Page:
All of palladias's Comments + Replies

I agree it would be good to add a note about push polling, but it's also good to note that the absence of information is itself a choice! The most spare possible survey is not necessarily the most informative. The question of what is a neutral framing is a tricky one, and a question about the future that deliberate does not draw attention to responsibilities is not necessarily less push-poll-y than one that does.

One good idea to take out of this is that other people's ability to articulate their reasons for their belief can be weak—weak enough that it can distract from the strength of evidence for the actual belief. (More people can catch a ball than explain why it follows the arc that it does).

I love GEB! For these kids, it's not going to be a proof-based class. I'm more trying to get them to understand that stat is "a guide to how to update beliefs" rather than "a list of tests with sig/not sig outcomes."

If you can articulate and better define what the actual handful core insights are that you hope to transmit maybe you or someone else here can pinpoint better literature for what you are looking for. It seems to me Eliezer's "Probability is in the Mind" post may include at least in part of what you are looking for. Maybe you can slightly edit and streamline it for the purpose of making it more approachable to your audience. Highlights from that post: Quote #1 Quote #2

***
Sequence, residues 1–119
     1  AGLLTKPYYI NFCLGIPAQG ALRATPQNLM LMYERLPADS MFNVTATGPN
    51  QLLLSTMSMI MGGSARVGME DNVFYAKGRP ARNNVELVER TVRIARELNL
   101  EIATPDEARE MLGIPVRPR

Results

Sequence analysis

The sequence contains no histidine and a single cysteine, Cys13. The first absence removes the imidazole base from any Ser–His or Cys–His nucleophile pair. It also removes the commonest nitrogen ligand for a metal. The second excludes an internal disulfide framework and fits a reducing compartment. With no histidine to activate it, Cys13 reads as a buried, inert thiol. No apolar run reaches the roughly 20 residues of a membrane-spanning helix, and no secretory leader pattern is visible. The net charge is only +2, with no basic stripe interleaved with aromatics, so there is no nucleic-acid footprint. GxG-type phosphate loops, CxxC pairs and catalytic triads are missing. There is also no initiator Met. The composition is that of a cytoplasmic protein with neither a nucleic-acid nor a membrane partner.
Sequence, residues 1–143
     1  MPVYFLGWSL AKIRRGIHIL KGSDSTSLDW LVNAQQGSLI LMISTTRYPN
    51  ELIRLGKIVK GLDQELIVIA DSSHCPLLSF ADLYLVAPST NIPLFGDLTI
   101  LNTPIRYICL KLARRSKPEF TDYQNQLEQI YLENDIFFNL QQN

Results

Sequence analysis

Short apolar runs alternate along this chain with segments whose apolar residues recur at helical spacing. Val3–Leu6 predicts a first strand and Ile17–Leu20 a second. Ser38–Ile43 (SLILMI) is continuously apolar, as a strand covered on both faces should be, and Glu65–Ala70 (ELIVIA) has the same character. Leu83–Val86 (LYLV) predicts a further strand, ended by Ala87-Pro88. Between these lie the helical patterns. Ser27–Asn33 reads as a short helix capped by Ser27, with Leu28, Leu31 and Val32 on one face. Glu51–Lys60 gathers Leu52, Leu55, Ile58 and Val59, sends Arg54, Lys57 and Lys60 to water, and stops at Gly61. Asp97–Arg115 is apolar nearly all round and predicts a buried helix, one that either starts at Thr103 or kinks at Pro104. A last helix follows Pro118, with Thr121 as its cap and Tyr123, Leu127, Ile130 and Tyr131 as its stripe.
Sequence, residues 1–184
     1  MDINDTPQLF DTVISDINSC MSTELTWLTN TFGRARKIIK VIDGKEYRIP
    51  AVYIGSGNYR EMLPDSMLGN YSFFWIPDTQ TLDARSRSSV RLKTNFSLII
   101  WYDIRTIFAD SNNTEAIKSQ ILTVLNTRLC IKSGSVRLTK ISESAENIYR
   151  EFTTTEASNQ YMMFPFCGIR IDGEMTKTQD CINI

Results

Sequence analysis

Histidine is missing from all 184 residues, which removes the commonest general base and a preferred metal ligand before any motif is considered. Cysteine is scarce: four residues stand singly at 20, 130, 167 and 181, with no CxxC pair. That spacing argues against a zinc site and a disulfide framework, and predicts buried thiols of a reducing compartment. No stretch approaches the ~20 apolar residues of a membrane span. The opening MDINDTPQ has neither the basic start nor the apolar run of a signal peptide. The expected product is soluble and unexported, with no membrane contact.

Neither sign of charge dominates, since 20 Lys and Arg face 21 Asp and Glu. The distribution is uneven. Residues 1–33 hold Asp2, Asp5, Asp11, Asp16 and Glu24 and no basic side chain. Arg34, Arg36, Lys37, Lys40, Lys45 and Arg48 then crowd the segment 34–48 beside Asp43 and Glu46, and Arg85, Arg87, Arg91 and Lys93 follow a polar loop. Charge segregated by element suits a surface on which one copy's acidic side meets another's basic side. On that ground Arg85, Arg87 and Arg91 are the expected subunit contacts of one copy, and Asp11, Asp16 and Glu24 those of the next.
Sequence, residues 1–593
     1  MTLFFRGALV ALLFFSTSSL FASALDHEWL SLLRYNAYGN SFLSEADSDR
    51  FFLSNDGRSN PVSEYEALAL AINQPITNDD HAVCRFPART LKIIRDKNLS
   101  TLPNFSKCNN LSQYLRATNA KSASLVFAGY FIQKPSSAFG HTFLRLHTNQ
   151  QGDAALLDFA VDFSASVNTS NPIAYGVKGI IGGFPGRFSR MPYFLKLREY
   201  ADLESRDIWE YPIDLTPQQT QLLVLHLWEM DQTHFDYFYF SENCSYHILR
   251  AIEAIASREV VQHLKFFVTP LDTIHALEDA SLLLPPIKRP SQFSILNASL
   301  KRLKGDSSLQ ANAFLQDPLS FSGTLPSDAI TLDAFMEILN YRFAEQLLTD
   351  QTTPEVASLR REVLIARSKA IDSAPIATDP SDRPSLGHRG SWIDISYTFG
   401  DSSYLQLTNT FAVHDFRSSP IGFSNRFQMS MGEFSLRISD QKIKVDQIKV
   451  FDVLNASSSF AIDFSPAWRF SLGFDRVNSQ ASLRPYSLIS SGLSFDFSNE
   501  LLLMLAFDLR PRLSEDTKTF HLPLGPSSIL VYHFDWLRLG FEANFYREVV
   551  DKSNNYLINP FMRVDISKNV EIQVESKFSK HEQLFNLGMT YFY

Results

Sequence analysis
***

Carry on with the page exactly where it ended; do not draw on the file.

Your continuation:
I have learned about Focusing from CFAR instructors and what you took away from it is what I took away as the core, useful thing. Even though this isn't really how it was taught. The version I heard had a lot more focus on the physical sensations (which did bupkis for me) while the thing you described "Is it X?" did more.

I am interested but not planning to move to the Bay Area. I might move to Hyattsville, though:

  • have kids
  • polyamory
  • read fiction
  • earn to give
  • animal rights

I'd be interested to see your results!

And I wouldn't invent a new name for ITTs for two reasons: First, you're cutting down on the ability of people who are interested to find other examples, but not teaching them the commonly used name (and limiting how many ITT-interested people find you!). Second, I think the ITT name makes sense, Turing's original example (which he called the Imitation Game) was basically an ITT for gender; it makes sense to keep the allusion.

These are great suggestions! (As are others, suggested in other comments.) Thank you! When I gave my presentation last night I made sure that people knew that it was called the ITT by others and that was what to search for (I also pointed them to UnEY). I'm still on the fence about pushing the name (ITT is really hard to say) but I'll keep your reservations in mind. I'll keep you informed of the details moving forward. :-)